Operation nostalgia, India on the assault of British historic motorcycles

After Norton and Royal Enfield, the brand of the famous BSA motorcycle is also saved by an Indian investor ready to relaunch the brand on the international market. Billionaire Anand Mahindra has announced that he intends to “resurrect the British motorcycle industry” with a major project that also includes a series of electric BSA motorcycles to target the youth market.

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Birmingham Small Arms was one of the most important brands in the world until the 1960s, then merging with Triumph in the 1970s, but unable to escape from the formidable Japanese competition of the 1980s. Now it is new investors from Asia who intend to revive the fortunes of these British brands. Mahindra will in fact resume BSA production, thanks to a generous British state fund of 5.16 million euros, as early as mid-2021.

The BSA Lightning became even more famous thanks to some appearances in the James Bond films as in “Agent 007-Thunderball, Operation Thunder” They are motorcycles with an iconic line and an unmistakable style that began to be the prerogative only of collectors.

The same fate was having the Norton brand, which made a comeback thanks to being Che Guevara’s bike in the movie “Motorcycle Diaries,” as well as the Triumph, ridden by Marlon Brando in “Harbor Front.” In April, Norton, famous for its Dominator and Commando, was bought by Indian TVS Motor. Since last month Norton has started to produce its Commandos again, which will enter full capacity in these months.

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Royal Enfield is another example of the success of the Indo-British mix. Saved from the collapse in 1994 by the Indian group Eicher, it managed to find a large market in Asia, where sales grew 88% last year in displacements between 250 and 750 cc. Royal Enfield will now also open a factory in Thailand, the largest outside India. While Harley Davidson abandons production in India and declares the challenge against British and Japanese motorcycles lost, given that its bikes were too large for Indian roads, the agile British, more maneuverable, with a simple and vintage line, and more affordable prices, they are more attractive.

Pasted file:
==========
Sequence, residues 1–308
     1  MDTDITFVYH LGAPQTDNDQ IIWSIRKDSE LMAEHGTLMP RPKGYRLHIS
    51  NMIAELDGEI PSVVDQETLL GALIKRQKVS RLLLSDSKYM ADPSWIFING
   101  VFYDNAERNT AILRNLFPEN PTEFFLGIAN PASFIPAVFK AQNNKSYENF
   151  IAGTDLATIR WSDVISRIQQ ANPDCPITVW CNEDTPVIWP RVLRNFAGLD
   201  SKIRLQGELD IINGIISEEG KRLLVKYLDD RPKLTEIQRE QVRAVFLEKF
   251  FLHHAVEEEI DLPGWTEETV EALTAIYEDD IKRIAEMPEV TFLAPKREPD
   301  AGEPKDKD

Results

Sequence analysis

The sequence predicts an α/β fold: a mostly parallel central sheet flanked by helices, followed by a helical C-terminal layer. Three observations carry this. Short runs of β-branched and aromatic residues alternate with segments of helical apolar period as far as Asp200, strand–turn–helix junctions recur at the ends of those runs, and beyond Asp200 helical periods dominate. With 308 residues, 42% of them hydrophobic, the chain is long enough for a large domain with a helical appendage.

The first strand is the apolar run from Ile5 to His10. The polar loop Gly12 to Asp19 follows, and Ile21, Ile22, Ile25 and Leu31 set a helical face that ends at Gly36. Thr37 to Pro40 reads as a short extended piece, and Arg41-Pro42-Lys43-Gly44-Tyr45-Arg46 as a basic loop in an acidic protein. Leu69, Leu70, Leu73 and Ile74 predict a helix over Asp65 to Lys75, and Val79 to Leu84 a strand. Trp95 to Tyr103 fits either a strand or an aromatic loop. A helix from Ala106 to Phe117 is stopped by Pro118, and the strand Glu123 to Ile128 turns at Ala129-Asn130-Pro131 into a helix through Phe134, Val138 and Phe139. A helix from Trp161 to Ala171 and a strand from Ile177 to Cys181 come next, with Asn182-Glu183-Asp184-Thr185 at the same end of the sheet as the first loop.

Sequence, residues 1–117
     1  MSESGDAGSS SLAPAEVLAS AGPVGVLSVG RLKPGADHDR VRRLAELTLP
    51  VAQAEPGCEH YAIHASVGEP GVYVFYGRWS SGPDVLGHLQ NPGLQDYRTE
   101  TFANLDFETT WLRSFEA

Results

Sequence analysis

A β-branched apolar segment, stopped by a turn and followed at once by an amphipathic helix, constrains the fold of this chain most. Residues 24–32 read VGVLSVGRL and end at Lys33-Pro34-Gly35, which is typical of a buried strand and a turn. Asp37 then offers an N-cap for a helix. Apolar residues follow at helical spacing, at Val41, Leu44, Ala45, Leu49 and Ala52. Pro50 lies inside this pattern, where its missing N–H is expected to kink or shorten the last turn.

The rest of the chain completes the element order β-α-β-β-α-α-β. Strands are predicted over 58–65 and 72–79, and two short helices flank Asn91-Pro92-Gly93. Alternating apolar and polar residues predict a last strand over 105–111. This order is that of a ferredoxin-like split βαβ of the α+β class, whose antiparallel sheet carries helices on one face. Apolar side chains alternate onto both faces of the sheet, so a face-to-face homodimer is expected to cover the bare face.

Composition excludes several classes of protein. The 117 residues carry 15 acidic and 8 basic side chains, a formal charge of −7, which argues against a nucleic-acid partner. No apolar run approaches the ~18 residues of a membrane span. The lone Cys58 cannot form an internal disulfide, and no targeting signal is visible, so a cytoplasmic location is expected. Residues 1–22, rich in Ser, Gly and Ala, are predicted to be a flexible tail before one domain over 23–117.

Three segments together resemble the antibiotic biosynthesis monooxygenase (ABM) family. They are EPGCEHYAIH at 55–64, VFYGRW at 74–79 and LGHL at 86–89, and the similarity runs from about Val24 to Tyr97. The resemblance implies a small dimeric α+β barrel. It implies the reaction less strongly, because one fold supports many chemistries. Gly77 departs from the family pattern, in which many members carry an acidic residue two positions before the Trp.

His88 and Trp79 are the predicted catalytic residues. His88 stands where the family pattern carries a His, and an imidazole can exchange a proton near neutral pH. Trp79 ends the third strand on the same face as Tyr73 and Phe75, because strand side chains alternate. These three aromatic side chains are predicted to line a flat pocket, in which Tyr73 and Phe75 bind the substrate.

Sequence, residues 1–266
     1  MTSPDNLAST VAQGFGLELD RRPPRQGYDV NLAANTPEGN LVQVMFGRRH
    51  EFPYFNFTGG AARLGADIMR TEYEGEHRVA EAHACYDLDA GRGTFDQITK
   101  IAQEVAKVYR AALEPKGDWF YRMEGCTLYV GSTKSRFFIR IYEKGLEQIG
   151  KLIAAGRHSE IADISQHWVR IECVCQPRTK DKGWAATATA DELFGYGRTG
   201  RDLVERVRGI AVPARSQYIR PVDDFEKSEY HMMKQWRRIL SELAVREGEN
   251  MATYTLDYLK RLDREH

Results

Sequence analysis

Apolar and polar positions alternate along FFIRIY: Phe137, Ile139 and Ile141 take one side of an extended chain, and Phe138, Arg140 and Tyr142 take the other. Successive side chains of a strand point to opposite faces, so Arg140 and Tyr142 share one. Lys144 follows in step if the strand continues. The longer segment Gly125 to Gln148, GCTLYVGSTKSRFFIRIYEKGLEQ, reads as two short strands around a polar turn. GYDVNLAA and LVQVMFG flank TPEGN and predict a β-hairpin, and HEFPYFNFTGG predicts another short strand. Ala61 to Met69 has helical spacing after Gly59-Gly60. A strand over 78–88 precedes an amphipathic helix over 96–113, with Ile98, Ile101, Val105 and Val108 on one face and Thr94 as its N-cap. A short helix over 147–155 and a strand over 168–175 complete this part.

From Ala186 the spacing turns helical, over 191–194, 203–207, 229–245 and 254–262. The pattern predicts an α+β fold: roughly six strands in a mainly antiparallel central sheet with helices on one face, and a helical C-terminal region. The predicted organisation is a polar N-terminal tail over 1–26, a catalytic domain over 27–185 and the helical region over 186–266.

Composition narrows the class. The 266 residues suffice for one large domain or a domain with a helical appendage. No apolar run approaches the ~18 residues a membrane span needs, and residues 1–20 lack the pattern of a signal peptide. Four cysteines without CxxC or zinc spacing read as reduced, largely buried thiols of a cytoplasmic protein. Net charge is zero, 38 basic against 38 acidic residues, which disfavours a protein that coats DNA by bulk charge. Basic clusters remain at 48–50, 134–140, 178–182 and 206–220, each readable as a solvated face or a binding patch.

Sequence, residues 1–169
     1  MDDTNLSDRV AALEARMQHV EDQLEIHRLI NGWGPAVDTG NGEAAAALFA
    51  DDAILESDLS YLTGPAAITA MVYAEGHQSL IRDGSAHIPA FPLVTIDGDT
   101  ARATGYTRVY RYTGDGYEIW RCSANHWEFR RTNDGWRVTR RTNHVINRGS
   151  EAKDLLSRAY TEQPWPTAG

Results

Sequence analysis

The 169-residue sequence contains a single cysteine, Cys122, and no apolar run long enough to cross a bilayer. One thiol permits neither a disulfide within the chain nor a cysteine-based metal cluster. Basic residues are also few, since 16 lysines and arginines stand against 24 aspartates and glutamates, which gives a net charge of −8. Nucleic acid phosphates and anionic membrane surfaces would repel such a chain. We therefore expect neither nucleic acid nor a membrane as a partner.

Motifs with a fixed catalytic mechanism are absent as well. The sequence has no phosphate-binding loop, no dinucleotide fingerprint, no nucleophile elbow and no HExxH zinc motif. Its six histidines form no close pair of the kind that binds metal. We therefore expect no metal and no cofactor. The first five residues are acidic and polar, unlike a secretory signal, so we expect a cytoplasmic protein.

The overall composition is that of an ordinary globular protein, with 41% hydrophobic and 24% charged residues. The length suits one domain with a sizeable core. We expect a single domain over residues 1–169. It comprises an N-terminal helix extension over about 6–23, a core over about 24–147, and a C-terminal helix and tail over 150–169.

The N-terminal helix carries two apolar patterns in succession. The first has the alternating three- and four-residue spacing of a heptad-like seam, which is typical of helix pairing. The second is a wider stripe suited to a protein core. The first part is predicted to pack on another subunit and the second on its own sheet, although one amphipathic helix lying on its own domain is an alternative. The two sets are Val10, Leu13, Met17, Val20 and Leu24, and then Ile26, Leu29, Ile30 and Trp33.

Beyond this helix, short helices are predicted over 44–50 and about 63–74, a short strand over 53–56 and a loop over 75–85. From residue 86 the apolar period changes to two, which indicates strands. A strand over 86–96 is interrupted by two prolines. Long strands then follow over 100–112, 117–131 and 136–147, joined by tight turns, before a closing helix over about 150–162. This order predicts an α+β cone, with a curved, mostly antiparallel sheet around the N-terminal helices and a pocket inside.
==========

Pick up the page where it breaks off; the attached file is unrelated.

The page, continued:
The Indian producers’ strategy therefore proceeds on a double track. On the one hand, there is the idea of ​​attracting an Asian consumer who likes the classic line of motorcycles of the former colonizer. The focus is on the nostalgia effect in contrast to the futuristic effect of traditional Japanese “bikes” or the too low style “Easy Rider” of Harley. British bikes are part of colonial history and have been featured in many Bollywood films. For now it appears that this strategy is working, especially in the Indian market which is the largest in the world in motorcycle sales, followed by Thailand, Indonesia and Vietnam.

The other aspect of the strategy is to rescue brands that still have their appeal, but are no longer in use, and to understand their potential for revival. As Frost & Sullivan automotive expert Vivek Vaidya told the BBC: “These brands were suffering, they were neither scalable nor profitable. Indian companies have understood the opportunity to acquire a famous brand and logo to penetrate western markets ”, following the inspiration of Tata who in 2008 bought the Jaguar Land Rover and brought it out of the balance sheet in red. “Their strategy is to buy the brand and take it to new countries, including Western ones, to increase profitability and production scale”.

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